Redundancy pay should be set at the rate of your pre-maternity pay.
Do I have to accept alternative employment from my employer?
Your employer may offer you alternative, suitable employment, either within the organisation or an associated organisation. They have to follow the correct procedure or you could refuse the offer and claim redundancy pay instead. The offer should include enough detail for you to understand the role and responsibilities. The offer should be made before your current job ends and the role should start within 4 weeks of your current job ending.
If you do not wish to accept the role offered, you would need to ensure your decision would be considered reasonable, for example if it is for a different kind of work. An unreasonable rejection of suitable, alternative employment could result in you forfeiting your right to redundancy pay.
If you want to accept the alternative role, you should confirm this in writing and you may need to sign a new contract that reflects the terms of your new role.
Where you are offered a new role, you are able to take it on on a trial basis for up to 4 weeks. If your employer refuses to allow the trial, your redundancy could be classed as unfair dismissal.
The trial should be available for every alternative role you have been offered. It is also possible to extend the trial period by mutual agreement with your employer, for example if training is needed.
This 4 week period will include any holiday or sickness absence.
If as a result of the trial you do not wish to proceed with the role, you will need to confirm this to your employer in writing before the end of the 4 week trial period, stating your reasons and seeking confirmation that you will receive redundancy pay, if you are entitled ie you have the qualifying two year service.
What is a redundancy consultation?
Redundancy can qualify as a lawful ground for dismissal provided the employer has acted reasonably and fairly through the redundancy process.
This applies when identifying an appropriate pool for selection, consulting ‘at risk’ individuals, applying objective selection criteria to those selected and considering suitable alternative employment where appropriate, subject to a 4-week trial period.
If you have been selected for redundancy as part of a ‘pool’ of at-risk employees, you have a right to know the reasons for your selection. Employers are required to apply selection criteria objectively, consistently and fairly. They must not be discriminatory in their application of the selection criteria or when making the final decision on who will be dismissed by redundancy.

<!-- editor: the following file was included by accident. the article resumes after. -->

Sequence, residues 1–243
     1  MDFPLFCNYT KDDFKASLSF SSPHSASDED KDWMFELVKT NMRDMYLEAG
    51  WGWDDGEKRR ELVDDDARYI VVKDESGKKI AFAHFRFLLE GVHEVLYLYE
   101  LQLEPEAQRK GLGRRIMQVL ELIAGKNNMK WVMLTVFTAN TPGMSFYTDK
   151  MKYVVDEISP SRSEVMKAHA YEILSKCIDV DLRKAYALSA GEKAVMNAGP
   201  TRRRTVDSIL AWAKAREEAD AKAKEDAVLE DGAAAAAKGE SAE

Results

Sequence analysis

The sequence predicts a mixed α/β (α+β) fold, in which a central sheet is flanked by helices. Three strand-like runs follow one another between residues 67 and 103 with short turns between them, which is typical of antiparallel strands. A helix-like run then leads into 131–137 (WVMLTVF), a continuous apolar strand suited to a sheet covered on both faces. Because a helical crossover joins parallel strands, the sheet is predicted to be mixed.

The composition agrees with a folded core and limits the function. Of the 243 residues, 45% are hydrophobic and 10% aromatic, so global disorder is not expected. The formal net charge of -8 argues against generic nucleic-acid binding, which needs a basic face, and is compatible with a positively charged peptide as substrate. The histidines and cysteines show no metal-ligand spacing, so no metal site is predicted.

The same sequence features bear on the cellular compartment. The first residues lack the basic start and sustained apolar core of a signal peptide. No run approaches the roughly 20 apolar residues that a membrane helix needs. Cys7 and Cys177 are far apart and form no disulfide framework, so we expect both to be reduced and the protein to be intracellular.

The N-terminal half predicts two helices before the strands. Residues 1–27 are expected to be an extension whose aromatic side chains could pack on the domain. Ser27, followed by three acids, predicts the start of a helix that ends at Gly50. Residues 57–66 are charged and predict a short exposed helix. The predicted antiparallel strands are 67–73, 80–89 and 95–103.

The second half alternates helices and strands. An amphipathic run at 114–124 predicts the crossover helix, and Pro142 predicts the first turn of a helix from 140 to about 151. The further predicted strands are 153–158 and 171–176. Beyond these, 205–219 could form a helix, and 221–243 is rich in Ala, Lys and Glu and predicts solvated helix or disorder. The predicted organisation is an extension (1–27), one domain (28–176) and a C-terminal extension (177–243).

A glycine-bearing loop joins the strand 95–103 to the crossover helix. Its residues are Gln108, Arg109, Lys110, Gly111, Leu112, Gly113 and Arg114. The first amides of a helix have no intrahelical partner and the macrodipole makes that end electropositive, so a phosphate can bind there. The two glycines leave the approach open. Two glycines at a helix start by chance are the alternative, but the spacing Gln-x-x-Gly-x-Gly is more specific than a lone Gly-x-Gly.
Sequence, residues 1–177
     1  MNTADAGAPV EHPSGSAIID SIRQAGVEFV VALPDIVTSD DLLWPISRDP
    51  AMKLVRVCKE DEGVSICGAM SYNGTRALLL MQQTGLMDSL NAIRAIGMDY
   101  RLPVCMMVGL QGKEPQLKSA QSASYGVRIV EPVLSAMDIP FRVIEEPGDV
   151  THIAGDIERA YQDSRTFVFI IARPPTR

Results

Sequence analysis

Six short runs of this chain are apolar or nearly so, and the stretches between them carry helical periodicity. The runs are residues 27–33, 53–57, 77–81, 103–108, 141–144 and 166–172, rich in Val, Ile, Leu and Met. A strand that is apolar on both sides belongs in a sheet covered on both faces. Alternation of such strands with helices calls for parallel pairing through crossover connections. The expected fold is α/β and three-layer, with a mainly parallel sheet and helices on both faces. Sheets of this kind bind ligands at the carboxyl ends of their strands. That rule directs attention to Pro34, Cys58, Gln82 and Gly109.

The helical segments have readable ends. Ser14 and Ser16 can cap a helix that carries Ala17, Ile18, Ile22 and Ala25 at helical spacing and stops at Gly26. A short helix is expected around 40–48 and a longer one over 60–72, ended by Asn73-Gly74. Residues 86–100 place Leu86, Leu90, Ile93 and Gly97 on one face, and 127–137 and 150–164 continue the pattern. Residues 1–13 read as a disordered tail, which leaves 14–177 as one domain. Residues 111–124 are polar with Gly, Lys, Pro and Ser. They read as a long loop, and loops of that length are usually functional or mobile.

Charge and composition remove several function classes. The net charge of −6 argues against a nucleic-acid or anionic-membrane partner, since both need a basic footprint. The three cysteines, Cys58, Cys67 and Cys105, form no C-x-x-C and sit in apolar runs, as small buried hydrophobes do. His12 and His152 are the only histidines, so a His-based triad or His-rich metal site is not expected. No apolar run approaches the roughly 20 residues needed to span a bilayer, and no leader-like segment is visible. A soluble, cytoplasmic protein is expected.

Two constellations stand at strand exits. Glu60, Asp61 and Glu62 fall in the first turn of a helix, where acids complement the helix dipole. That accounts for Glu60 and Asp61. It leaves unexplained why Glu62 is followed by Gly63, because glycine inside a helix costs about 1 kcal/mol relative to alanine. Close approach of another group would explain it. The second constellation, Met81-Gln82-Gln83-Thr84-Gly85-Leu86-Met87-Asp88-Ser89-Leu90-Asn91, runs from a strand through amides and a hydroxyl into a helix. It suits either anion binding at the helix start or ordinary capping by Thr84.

Your employer must then consult with you about any possible redundancy and give you the opportunity to ask questions and appeal any decisions.
The consultation requirements vary depending on how many employees will potentially be affected by the redundancy process.
Where there are fewer than 20 employees, consultation should be on an individual basis.
Where more than 20 employees are affected, ‘collective’ consultation is required.
In either scenario, the consultation should offer a meaningful opportunity for a two-way dialogue to discuss potential alternative courses of action such as a reduction in hours, with the aim of avoiding making redundancies if at all possible.
During the consultation, the employer should also make employees aware of any suitable alternative employment either within the same organisation or other associated organisations.
Employers are required to make reasonable, genuine efforts to identify such ‘substantially equivalent’ roles taking skills, pay, contract terms and conditions and job duties into consideration.
Note that an unreasonable refusal of a suitable offer could mean you lose your right to redundancy pay.
Should I take voluntary redundancy?
If your employer is offering voluntary redundancy, you will need to consider all of the implications in terms of your entitlement and rights.
If you take voluntary redundancy you will be entitled to the same rights as under a compulsory procedure, such as paid time off to look for a new job.
Employers may offer voluntary redundancy packages to incentivise take up, for example with redundancy payment above the statutory level. You will need to understand what you would be owed in terms of both statutory and contractual entitlements under compulsory redundancy to compare against the voluntary offer.
Do you have a question about your redundancy rights?
DavidsonMorris’ employment lawyers can help if you are facing redundancy and are unsure about your redundancy rights. We provide specialist advice in complex cases such as redundancy during maternity leave and cases where a negotiated exit and settlement may be more appropriate. Contact us for professional guidance.